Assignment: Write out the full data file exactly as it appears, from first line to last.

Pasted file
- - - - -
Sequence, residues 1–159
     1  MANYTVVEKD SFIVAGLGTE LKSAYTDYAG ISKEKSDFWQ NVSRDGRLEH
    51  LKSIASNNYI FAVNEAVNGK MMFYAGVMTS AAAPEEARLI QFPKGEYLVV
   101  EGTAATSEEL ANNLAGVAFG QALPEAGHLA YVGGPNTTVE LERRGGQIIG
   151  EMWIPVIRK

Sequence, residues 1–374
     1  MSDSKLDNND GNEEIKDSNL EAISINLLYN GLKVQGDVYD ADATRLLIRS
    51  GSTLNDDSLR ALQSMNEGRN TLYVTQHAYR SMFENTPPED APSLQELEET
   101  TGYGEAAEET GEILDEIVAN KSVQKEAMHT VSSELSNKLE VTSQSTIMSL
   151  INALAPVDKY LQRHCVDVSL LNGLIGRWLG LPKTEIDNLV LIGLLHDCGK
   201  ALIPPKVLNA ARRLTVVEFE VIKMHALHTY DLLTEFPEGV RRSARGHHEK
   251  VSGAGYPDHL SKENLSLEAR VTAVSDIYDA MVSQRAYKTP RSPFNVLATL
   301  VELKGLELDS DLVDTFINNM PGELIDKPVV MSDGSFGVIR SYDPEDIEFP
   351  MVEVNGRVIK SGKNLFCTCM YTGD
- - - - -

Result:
Sequence, residues 1–159
     1  MANYTVVEKD SFIVAGLGTE LKSAYTDYAG ISKEKSDFWQ NVSRDGRLEH
    51  LKSIASNNYI FAVNEAVNGK MMFYAGVMTS AAAPEEARLI QFPKGEYLVV
   101  EGTAATSEEL ANNLAGVAFG QALPEAGHLA YVGGPNTTVE LERRGGQIIG
   151  EMWIPVIRK

Sequence, residues 1–374
     1  MSDSKLDNND GNEEIKDSNL EAISINLLYN GLKVQGDVYD ADATRLLIRS
    51  GSTLNDDSLR ALQSMNEGRN TLYVTQHAYR SMFENTPPED APSLQELEET
   101  TGYGEAAEET GEILDEIVAN KSVQKEAMHT VSSELSNKLE VTSQSTIMSL
   151  INALAPVDKY LQRHCVDVSL LNGLIGRWLG LPKTEIDNLV LIGLLHDCGK
   201  ALIPPKVLNA ARRLTVVEFE VIKMHALHTY DLLTEFPEGV RRSARGHHEK
   251  VSGAGYPDHL SKENLSLEAR VTAVSDIYDA MVSQRAYKTP RSPFNVLATL
   301  VELKGLELDS DLVDTFINNM PGELIDKPVV MSDGSFGVIR SYDPEDIEFP
   351  MVEVNGRVIK SGKNLFCTCM YTGD